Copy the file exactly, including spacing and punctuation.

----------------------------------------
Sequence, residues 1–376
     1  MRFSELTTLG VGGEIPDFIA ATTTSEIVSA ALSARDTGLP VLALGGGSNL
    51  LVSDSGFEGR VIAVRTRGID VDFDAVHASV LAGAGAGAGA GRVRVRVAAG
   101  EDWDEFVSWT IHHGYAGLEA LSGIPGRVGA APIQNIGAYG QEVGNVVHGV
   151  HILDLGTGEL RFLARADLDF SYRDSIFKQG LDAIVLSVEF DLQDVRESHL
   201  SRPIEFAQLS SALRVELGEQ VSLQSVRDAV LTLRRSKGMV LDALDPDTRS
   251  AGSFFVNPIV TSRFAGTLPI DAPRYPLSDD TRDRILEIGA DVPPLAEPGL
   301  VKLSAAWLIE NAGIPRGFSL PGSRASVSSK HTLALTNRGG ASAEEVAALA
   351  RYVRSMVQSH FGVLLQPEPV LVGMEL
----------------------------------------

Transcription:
Sequence, residues 1–376
     1  MRFSELTTLG VGGEIPDFIA ATTTSEIVSA ALSARDTGLP VLALGGGSNL
    51  LVSDSGFEGR VIAVRTRGID VDFDAVHASV LAGAGAGAGA GRVRVRVAAG
   101  EDWDEFVSWT IHHGYAGLEA LSGIPGRVGA APIQNIGAYG QEVGNVVHGV
   151  HILDLGTGEL RFLARADLDF SYRDSIFKQG LDAIVLSVEF DLQDVRESHL
   201  SRPIEFAQLS SALRVELGEQ VSLQSVRDAV LTLRRSKGMV LDALDPDTRS
   251  AGSFFVNPIV TSRFAGTLPI DAPRYPLSDD TRDRILEIGA DVPPLAEPGL
   301  VKLSAAWLIE NAGIPRGFSL PGSRASVSSK HTLALTNRGG ASAEEVAALA
   351  RYVRSMVQSH FGVLLQPEPV LVGMEL